updated 07:53 pm EDT, Wed April 23, 2014
Blames channel inventory imbalance for most of year-over-year decline
On paper, the sales of the iPad in Apple's fiscal second quarter look bad: a 16 percent drop from the year-ago quarter, rumors of which already had pundits and business sites wondering if the iPad had peaked. Statistics, however, can sometimes be misleading -- and in an unusually proactive explanation, Apple CEO Tim Cook took time at the start of his conference call with analysts to explain that changes in channel inventory accounted for most of the "lower" sales.
Apple reported sales of 16.4 million iPads in the March quarter, significantly down from the 18 million it had sold in 2013's second fiscal quarter. Cook, however, said that at the time Apple was fulfilling a backlog of iPad orders and thus sold a lot of units to "the channel" -- resellers and distributors -- which pumped up sales figures. This year, sell-in inventory (to partners) went way down, while sales remained basically the same, making it look like Apple had sold far fewer iPads than it did.
Sell-through to end users -- a figure that Apple is alone in the industry in reporting -- was actually 17.5 million units, down about three percent from the year-ago quarter. The difference means that iPad sales were actually at the high end of what Apple was expecting, rather than "a miss" as some analysts had expected. The year-ago quarter had seen shortages of the recently-introduced iPad mini and fourth-generation iPad, most of which were compensated for in the March quarter. This year, Apple was able to achieve a better demand-supply balance, revealing more unskewed sales.
For those who paid close attention, Cook was actually illustrating with Apple's own statistics the "error of assumption" that comes from most analysts who base marketshare on "shipments" (sometimes called "sell-in") versus actual sales to end users ("sell-through") and that a very significant discrepancy can exist between those two figures. Sadly, the analogy was probably too subtle for most Wall Street analysts.
Cook went on to mention the iPad's performance as the dominant tablet in the industry several more times during the call, including notes that it had achieved a 95 percent share of all education tablet purchases, was used in 98 percent of the Fortune 500 companies (with 91 percent of tablet activations in enterprise), and account for four times the web traffic of all Android tablets combined. In response to a question about whether the recent addition of Microsoft Office for iPad would help sales, Cook said that it likely would -- but that marketshare percentages from analysts like NPD are misleading, because "they count a lot of products [as tablets] that I don't think belong [in the same league as] iPad."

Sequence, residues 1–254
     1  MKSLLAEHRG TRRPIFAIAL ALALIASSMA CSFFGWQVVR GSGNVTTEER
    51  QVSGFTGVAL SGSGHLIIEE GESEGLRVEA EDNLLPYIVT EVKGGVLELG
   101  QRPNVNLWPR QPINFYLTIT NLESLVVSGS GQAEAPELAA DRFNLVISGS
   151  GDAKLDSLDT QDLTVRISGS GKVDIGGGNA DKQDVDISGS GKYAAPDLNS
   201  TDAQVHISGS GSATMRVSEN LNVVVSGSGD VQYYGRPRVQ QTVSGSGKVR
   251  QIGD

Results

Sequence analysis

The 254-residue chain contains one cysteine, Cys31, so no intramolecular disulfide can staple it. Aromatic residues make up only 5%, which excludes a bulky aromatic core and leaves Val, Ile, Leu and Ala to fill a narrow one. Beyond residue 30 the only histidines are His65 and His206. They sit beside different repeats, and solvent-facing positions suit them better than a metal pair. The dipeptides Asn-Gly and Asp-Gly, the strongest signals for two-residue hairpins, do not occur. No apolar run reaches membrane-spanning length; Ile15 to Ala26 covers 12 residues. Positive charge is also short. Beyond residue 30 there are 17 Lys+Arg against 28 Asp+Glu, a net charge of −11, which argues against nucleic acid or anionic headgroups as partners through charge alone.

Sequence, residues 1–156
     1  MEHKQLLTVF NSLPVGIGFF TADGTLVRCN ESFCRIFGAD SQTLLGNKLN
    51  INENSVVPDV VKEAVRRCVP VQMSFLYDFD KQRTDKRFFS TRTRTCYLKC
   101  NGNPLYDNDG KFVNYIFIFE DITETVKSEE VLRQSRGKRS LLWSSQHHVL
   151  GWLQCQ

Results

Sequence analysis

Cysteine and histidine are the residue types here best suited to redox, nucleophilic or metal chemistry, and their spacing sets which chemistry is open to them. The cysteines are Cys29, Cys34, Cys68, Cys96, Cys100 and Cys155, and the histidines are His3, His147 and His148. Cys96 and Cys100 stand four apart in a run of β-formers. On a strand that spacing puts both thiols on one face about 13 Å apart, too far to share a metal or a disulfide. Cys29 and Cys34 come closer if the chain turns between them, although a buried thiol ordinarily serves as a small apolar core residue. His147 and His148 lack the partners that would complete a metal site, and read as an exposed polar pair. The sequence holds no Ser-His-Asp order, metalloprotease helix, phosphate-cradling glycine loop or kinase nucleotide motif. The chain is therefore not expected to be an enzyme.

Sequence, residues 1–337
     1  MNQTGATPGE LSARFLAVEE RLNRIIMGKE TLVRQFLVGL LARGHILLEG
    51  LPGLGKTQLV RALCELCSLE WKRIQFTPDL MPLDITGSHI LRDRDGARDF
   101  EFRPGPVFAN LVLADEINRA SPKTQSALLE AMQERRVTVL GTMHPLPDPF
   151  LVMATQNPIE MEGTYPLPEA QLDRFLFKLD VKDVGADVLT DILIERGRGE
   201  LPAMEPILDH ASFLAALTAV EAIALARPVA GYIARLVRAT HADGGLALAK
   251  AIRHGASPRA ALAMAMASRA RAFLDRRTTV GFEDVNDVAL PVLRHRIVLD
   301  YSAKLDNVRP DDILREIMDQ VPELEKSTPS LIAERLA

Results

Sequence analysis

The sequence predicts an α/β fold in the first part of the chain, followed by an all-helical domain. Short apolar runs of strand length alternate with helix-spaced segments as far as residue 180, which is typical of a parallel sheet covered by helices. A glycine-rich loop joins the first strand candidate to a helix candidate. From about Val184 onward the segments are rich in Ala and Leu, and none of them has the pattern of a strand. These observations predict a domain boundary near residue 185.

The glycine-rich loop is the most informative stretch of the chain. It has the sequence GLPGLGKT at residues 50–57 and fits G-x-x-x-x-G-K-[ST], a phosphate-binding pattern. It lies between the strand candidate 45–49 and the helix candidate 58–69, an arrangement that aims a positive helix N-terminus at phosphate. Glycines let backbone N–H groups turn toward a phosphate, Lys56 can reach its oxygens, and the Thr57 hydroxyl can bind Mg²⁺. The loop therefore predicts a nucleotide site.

This is not the first time Cook has noted that even the most basic pre-school-oriented tablets are now counted as being in the same class as premium tablets like the Surface, the Galaxy Tab and the iPad. Even though "junk" tablets are included as equals in marketshare figures, he noted that according to NPD Apple continues to have 46 percent share -- a figure that would presumably be far higher if tablets were classed into categories (the way "feature phones" are excluded from "smartphone" sales, for example).
The fact that the iPad achieves far higher "real world usage" figures suggests that its actual share in a "premium tablet" market would be more like 80 percent. Likewise, the iPhone would dominate marketshare in a "premium smartphone" category rather than when classed with far more basic, cheap smartphones.
Cook said that customer satisfaction with the iPad was 98 percent, and that "there's nothing else in the world with that kind of [consumer rating]." He noted that the iPad was the fastest-growing product in Apple's history, and the only product that had ever been an "instant hit" in all three segments -- consumer, enterprise and education.
Apple has sold 210 million iPads in four years, about double the number of iPhones that it sold in the first four years of that product, and seven times the number of iPods sold in its first four years. Cook assured analysts that the iPad had a "great future" and that he was "very bullish" on the product, even speaking wistfully about the potential of the "next iPad, if you will" and that Apple was working on the "pipeline" to make that happen. He reiterated his belief that tablets will replace PCs as the most popular form of non-smartphone "computer" with the next few years.
On the specific point of how Office for iPad will help, Cook generally praised the product and welcomed Microsoft to the iPad, noting that there was still significant demand for the Office franchise, particularly in enterprise. He couldn't help but add, however that "if it [Office for iPad] had been done earlier, it would have been better for Microsoft, frankly."